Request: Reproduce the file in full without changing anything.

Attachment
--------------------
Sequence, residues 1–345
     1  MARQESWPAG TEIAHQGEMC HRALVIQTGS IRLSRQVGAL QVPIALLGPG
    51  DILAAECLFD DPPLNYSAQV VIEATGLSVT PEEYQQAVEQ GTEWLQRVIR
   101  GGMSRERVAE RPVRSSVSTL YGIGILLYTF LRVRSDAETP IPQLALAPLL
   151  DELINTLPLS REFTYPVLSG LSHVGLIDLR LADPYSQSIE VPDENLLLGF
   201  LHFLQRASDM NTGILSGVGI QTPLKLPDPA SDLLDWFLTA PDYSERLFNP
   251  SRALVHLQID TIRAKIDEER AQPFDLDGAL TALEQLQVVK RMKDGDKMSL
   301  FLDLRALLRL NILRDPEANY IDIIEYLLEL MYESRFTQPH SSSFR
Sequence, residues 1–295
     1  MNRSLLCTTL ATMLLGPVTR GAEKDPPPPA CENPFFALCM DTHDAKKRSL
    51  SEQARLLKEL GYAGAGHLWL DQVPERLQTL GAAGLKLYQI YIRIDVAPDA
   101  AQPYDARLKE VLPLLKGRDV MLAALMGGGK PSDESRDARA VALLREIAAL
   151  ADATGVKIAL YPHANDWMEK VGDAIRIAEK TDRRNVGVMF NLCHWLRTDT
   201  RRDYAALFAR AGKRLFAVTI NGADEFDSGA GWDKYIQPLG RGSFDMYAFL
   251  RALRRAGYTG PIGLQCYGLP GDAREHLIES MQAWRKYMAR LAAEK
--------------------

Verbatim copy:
Sequence, residues 1–345
     1  MARQESWPAG TEIAHQGEMC HRALVIQTGS IRLSRQVGAL QVPIALLGPG
    51  DILAAECLFD DPPLNYSAQV VIEATGLSVT PEEYQQAVEQ GTEWLQRVIR
   101  GGMSRERVAE RPVRSSVSTL YGIGILLYTF LRVRSDAETP IPQLALAPLL
   151  DELINTLPLS REFTYPVLSG LSHVGLIDLR LADPYSQSIE VPDENLLLGF
   201  LHFLQRASDM NTGILSGVGI QTPLKLPDPA SDLLDWFLTA PDYSERLFNP
   251  SRALVHLQID TIRAKIDEER AQPFDLDGAL TALEQLQVVK RMKDGDKMSL
   301  FLDLRALLRL NILRDPEANY IDIIEYLLEL MYESRFTQPH SSSFR
Sequence, residues 1–295
     1  MNRSLLCTTL ATMLLGPVTR GAEKDPPPPA CENPFFALCM DTHDAKKRSL
    51  SEQARLLKEL GYAGAGHLWL DQVPERLQTL GAAGLKLYQI YIRIDVAPDA
   101  AQPYDARLKE VLPLLKGRDV MLAALMGGGK PSDESRDARA VALLREIAAL
   151  ADATGVKIAL YPHANDWMEK VGDAIRIAEK TDRRNVGVMF NLCHWLRTDT
   201  RRDYAALFAR AGKRLFAVTI NGADEFDSGA GWDKYIQPLG RGSFDMYAFL
   251  RALRRAGYTG PIGLQCYGLP GDAREHLIES MQAWRKYMAR LAAEK